The Scope of Judicial Review in India’s ‘Limited Judiciary’
Last week, the Attorney General of India, KK Venugopal, voiced an unpleasant but a pertinent issue before a Constitution Bench of the Supreme Court. He said:
Elaborating further, the Attorney General said the Supreme Court has introduced as many as 30 positive rights into Article 21 and that these rights cannot be enforced because of the problems faced by the country.
Many spirited orders of the Supreme Court in the recent past make it amply clear that the judiciary is indeed taking over the realm of the executive — which is blatantly unconstitutional and undemocratic.
Around the globe, especially in countries that have recently-adopted a constitution or a constitutional amendment containing a bill of rights, constitutional reform encourages active or passive judicial review. Liberals and activists cheered these messianic courts which, according to popular narrative, filled the voids created by executive/legislative apathy.
This is equally true in India, where as rightly pointed out by the Attorney General, we have bicameral rights –fundamental rights provided in the Constitution and an ever-expanding set of judicially affirmed rights which are not explicitly guaranteed by the Constitution.
The originalists and the purists are indeed justified in attacking this new role of the courts by highlighting the absence of democratic values in the judiciary.
'Limited Government' and the Supremacy of the Constitution
‘Limited Government’ is ‘a government of laws and not of men’, an expression which was first, formally, adopted in the Constitution of Massachusetts in 1780. This concept was strongly rooted in the belief that men preferred democracy, for it was the only form of government that allowed the people to exercise their sovereignty.
Soon, Constitutions around the world made provisions for inalienable rights and the doctrine of separation of powers, thereby putting a check on arbitrary exercise of political power. In other words, these Constitutions conferred power in the hands of the judiciary to see that unlimited power may not be exercised by the majority regardless of the interests of the minority.
This was succinctly explained by Thomas Paine (Rights of Man, 1792) who said unless the powers of the government are defined and limited by a higher law (Constitution), it would be an exercise of power without right.
Judicial Review And "Limited Judiciary" in India
A judiciary, just like a legislature, becomes limited as soon as a written Constitution is adopted. A Constitution manifests the permanent will of the people; different organs of the government are mere creatures of the Constitution and owe their very existence to it.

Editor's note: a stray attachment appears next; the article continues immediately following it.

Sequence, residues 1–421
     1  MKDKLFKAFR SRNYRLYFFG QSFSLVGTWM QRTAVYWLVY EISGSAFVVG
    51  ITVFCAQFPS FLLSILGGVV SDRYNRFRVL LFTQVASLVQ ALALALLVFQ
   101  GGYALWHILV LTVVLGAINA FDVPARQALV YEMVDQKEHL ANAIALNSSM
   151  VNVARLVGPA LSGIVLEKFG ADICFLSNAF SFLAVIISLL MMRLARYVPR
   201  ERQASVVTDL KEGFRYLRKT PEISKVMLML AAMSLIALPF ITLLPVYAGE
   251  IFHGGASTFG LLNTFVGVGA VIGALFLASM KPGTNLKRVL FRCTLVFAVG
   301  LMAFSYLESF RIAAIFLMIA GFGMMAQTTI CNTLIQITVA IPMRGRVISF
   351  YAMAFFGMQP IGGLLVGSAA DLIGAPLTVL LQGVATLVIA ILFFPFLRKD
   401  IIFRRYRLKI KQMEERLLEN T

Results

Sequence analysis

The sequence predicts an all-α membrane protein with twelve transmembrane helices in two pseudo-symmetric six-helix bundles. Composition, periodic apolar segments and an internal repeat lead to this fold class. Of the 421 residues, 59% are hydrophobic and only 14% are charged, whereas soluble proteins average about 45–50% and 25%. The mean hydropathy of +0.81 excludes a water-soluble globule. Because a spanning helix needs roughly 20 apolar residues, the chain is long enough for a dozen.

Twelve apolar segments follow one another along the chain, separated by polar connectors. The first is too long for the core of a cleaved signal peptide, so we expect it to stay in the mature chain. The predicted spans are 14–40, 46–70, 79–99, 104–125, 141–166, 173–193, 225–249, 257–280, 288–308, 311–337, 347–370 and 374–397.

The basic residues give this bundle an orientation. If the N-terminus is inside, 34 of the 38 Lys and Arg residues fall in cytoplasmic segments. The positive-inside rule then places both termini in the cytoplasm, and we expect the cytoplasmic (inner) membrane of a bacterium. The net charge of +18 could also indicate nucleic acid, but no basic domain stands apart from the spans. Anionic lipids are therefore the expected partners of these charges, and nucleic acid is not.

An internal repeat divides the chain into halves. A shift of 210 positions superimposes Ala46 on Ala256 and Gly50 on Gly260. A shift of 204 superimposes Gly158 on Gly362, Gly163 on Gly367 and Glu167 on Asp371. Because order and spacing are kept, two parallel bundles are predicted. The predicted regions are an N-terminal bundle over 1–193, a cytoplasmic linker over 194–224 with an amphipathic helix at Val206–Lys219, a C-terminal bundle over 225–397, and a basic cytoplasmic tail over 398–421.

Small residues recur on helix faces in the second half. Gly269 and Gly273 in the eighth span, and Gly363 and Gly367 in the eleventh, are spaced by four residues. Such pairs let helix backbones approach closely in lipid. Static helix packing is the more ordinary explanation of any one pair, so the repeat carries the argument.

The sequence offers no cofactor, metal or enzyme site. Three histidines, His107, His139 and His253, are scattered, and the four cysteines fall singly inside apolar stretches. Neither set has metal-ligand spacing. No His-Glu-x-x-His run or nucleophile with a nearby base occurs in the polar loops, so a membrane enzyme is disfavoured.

In India, we have a written Constitution defining and limiting the powers of different organs of the Government, so that none can exercise any arbitrary power beyond what is granted by the Constitution. This was, surprisingly, highlighted by the Supreme Court in Golak Nath v. State of Punjab AIR 1967 SC 1643 in the following words:
In the Indian Constitution, certain matters are explicitly made non-justiciable and thus, outside the judiciary’s realm. The most striking example of this is the non-enforceability of Directive Principles of State Policy as provided under Article 37 of the Constitution.
Similar restrictions exist in disputes relating to the election of a person as President or Vice-President (Article 71(4)), orders and other instruments made and executed in the name of the President (Article 77(2)), invalidating proceedings of a House (Article 100(2)), irregularity of procedure in Parliament (Article 122(1)) etc.
In India, judicial review is intertwined with judicial policy making and judicial legislation, which has been on a spiraling rise post-Emergency.
The very recent examples of such misuse of judicial power is best seen in the orders of the Supreme Court relating to banning of diesel vehicles above 2000 cc and the subsequent imposition of ‘diesel cess’, regulation of BCCI, prohibition of sale of liquor on national highways, and compulsory playing of National Anthem in movie halls.
By doing so, there has been an enormous wastage of judicial time, massive loss for the State exchequer, and loss of jobs. In fact, the hotel industry was hit so badly by the liquor ban that the Supreme Court was forced to issue a clarificatory order exempting municipal areas from the ban.
In other countries, such measures are done either by the Executive or the Legislature. These actions of the Supreme Court are, according to Professor John Hart Ely, a former Dean of Stanford Law School, impermissible. He also says that the judiciary’s focus should be on the process of government with substantive choices left to the political process.
Through a written constitution, we have inherited a limited government and a limited judiciary, and it is imperative that none of the organs of the government encroach upon the territory of each other.
The Courts must refrain from policy making and legislating, which must only be done by elected representatives. The role of the Courts is limited to checking the excesses of the Executive and the Legislature: it must protect the people’s inalienable rights as a sentinel on the qui vive.
(The writer is a lawyer at Madras High Court and can be reached @nexus_rho. This is a personal blog and the views expressed above are the author’s own. The Quint neither endorses nor is responsible for the same.)
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